Computer models of tobermorite, a key element in the superior concrete Romans used in ancient times, suggest how to make modern concrete that’s less likely to crack under stress.
Researchers performed an atom-level computer analysis of tobermorite, a naturally occurring crystalline analog to the calcium-silicate-hydrate (C-S-H) that makes up cement, which in turn holds concrete together.
Their results appear this week in the journal ACS Applied Materials and Interfaces.
Tobermorite forms in layers, like paper stacks that solidify into particles. These particles often have screw dislocations, shear defects that help relieve stress by allowing the layers to slide past each other. Alternately, they can allow the layers to slip only a little before the jagged defects lock them into place.
The researchers built the first computer models of tobermorite “super cells” with dislocations either perpendicular to or in parallel with layers in the material, and then applied shear force. They found that defect-free tobermorite deformed easily as water molecules caught between layers helped them glide past each other.
But in particles with screw defects, the layers only glided so far before being locked into place by the tooth-like core dislocations. That effectively passed the buck to the next layer, which glided until caught, and so on, relieving the stress without cracking.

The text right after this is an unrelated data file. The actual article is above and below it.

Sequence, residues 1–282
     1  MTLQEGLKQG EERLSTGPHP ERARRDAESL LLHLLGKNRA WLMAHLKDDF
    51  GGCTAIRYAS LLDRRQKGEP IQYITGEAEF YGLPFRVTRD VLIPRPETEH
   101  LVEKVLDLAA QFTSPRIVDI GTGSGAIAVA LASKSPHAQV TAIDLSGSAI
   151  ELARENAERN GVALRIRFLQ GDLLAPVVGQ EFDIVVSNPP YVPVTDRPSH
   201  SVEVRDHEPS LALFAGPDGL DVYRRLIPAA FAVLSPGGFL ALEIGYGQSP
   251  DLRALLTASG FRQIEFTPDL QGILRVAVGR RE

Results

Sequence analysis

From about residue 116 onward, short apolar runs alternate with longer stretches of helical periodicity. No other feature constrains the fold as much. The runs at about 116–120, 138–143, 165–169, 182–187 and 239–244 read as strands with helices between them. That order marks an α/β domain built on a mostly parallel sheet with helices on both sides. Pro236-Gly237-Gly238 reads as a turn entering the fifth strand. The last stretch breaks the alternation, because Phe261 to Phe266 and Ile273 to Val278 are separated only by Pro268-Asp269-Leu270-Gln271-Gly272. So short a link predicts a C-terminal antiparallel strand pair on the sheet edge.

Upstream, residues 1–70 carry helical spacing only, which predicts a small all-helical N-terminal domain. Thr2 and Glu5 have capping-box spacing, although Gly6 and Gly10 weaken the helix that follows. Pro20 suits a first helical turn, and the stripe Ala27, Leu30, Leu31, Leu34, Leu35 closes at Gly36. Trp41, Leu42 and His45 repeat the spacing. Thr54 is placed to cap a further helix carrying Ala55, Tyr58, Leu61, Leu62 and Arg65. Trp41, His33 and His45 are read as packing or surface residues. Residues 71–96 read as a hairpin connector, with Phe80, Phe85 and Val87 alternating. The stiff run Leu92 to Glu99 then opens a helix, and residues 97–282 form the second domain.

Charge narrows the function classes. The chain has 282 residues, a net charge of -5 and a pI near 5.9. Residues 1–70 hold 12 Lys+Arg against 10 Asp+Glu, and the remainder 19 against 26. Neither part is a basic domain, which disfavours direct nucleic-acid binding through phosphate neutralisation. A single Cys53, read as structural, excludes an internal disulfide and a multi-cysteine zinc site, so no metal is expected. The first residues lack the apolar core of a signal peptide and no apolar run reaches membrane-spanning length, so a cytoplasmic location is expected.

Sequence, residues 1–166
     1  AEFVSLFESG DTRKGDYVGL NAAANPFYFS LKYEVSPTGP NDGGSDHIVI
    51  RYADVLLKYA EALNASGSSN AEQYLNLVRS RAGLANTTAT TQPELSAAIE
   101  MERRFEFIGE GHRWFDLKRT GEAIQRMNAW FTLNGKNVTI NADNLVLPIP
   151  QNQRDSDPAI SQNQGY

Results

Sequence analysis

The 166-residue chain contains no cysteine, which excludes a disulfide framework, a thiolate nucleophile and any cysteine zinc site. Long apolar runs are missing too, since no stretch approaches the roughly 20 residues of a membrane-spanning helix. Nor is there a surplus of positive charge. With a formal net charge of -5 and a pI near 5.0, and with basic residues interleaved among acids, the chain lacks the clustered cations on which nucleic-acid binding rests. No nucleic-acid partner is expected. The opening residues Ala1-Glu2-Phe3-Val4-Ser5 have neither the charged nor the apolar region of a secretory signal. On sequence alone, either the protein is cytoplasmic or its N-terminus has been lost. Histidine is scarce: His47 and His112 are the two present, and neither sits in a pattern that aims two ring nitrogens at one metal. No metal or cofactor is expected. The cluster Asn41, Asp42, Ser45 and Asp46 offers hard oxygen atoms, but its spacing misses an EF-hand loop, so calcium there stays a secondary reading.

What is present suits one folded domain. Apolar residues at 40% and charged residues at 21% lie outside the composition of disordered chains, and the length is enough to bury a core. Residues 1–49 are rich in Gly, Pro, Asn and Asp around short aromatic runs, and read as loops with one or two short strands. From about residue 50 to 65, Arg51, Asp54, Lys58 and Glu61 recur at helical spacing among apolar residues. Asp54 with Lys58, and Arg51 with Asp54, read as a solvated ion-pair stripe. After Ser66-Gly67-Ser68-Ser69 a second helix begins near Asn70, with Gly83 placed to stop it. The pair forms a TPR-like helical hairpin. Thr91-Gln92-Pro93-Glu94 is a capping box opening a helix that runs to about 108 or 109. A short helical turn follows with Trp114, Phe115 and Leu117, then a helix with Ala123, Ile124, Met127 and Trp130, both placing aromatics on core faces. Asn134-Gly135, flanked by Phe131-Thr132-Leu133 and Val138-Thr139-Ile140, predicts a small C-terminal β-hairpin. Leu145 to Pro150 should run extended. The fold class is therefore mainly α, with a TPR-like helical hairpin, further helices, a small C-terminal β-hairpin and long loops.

Defects aren’t a weakness
This “step-wise defect-induced gliding” around the particle’s core makes it more ductile and able to adjust to stress, says Rouzbeh Shahsavari, an assistant professor of civil and environmental engineering and materials science and nanoengineering at Rice University.
“The insight we get from this study is that unlike the common intuition that defects are detrimental for materials, when it comes to complex layered crystalline systems such as tobermorite, this is not the case,” says Shahsavari. “Rather, the defects can lead to dislocation jogs in certain orientations, which acts as a bottleneck for gliding, thus increasing the yield stress and toughness.
“These latter properties are key to design concrete materials, which are concurrently strong and tough, two engineering features that are highly desired in several applications.
“Our study provides the first report on how to leverage seemingly weak attributes—the defects—in cement and turn them to highly desired properties, high strength and toughness.”
Shahsavari says he hopes the work will provide design guidelines for developing stronger, tougher concrete and other complex materials.
Postdoctoral researcher Ning Zhang is lead author of the paper and Philippe Carrez, a professor at the Lille University of Science and Technology, Villeneuve d’Ascq, France, is a coauthor.
The National Science Foundation supported the research.
Source: Rice University